John Banville on the Art of Writing

Posted on: 03 December 2015

Humanities research and the creative process was the focus of a public interview featuring award-winning Irish novelist John Banville on Wednesday, December 2, 2015 in Trinity College Dublin.

On the occasion of the publication of his most recent novel The Blue Guitar, John Banville discussed the art of writing with Chris Morash, Seamus Heaney Professor of Irish Writing, in an event titled “Glancing encounters are no good”: Humanities research and the creative process.

Speaking after the event Prof Morash said: "John Banville writes the novels published under his own name in meticulous longhand notebooks.  Drawing on the Trinity Library's extensive collection of these literary manuscripts, the conversation ranged from a detailed discussion of the act of writing, to more philosophical speculations on the nature of art, the poetic novel, and the writer's task in relation to an inevitable awareness of death."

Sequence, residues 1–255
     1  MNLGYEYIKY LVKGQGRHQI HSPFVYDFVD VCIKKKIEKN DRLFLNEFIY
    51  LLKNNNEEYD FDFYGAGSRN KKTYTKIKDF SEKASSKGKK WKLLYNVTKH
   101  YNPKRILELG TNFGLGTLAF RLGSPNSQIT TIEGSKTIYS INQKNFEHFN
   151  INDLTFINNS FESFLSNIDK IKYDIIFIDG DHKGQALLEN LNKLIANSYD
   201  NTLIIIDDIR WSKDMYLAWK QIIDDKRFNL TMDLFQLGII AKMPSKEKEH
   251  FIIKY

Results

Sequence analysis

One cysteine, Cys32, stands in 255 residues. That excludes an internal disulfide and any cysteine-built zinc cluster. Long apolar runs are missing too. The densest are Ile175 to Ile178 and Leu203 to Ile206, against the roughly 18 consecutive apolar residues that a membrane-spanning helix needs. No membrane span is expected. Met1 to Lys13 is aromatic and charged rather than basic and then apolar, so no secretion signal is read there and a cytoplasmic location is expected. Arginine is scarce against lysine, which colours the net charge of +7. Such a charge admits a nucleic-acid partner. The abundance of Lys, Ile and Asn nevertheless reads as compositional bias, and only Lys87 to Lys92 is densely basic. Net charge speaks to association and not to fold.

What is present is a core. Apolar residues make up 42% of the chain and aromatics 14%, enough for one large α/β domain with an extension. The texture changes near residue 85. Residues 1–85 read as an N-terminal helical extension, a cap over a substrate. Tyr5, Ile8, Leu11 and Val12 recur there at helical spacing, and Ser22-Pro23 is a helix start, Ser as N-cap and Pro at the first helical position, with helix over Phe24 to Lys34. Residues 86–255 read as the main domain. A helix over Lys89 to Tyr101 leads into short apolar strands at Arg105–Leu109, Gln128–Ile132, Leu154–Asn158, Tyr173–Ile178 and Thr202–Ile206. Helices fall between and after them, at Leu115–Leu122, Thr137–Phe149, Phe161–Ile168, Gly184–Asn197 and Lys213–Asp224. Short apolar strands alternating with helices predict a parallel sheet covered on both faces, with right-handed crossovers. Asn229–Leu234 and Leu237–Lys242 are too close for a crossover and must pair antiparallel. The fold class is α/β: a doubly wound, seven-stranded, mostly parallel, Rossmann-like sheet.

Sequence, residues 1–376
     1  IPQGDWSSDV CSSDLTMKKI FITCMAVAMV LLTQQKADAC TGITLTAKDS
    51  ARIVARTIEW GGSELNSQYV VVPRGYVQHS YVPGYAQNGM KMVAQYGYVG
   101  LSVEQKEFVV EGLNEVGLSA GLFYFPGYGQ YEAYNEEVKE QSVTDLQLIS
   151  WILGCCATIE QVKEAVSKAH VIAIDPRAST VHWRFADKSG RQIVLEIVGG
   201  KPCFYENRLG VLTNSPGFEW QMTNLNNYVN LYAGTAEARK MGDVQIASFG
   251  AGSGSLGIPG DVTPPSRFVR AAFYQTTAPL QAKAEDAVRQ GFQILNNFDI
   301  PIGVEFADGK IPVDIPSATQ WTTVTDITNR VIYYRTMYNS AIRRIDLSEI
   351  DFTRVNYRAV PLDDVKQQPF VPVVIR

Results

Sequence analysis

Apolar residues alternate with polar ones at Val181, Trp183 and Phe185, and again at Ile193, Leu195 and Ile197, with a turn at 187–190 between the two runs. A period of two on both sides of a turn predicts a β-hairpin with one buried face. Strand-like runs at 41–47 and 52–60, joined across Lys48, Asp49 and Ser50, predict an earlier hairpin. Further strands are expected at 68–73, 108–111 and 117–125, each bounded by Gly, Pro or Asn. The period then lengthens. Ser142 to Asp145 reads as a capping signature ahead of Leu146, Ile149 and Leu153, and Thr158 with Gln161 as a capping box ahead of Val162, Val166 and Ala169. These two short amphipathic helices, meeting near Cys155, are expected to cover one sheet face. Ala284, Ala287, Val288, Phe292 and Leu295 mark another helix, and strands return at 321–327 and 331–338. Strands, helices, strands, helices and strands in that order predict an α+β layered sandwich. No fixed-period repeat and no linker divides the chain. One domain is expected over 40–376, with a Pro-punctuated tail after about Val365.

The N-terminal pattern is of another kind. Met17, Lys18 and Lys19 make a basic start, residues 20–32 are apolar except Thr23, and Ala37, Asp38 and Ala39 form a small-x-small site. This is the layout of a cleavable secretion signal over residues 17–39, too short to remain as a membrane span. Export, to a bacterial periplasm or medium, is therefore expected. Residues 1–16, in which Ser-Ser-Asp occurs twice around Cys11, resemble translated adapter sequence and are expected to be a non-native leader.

"The discussion also took in the work of that 'rogue', as Banville calls him, his prolific alter ego, Benjamin Black, who writes on his crime novels directly on his computer. Writing as Black, John Banville noted with characteristic self-deprecating wit, was simply 'boring', while writing as Banville was 'tedious'; however seriously (or not) that should be taken, John Banville's reflections on the art of writing were neither."

The event formed part of a programme of public talks, seminars and symposia being hosted by the Library of Trinity College Dublin. Entitled The Library of the Future; the Future of the Library, the programme is designed to stimulate debate on the future of libraries.

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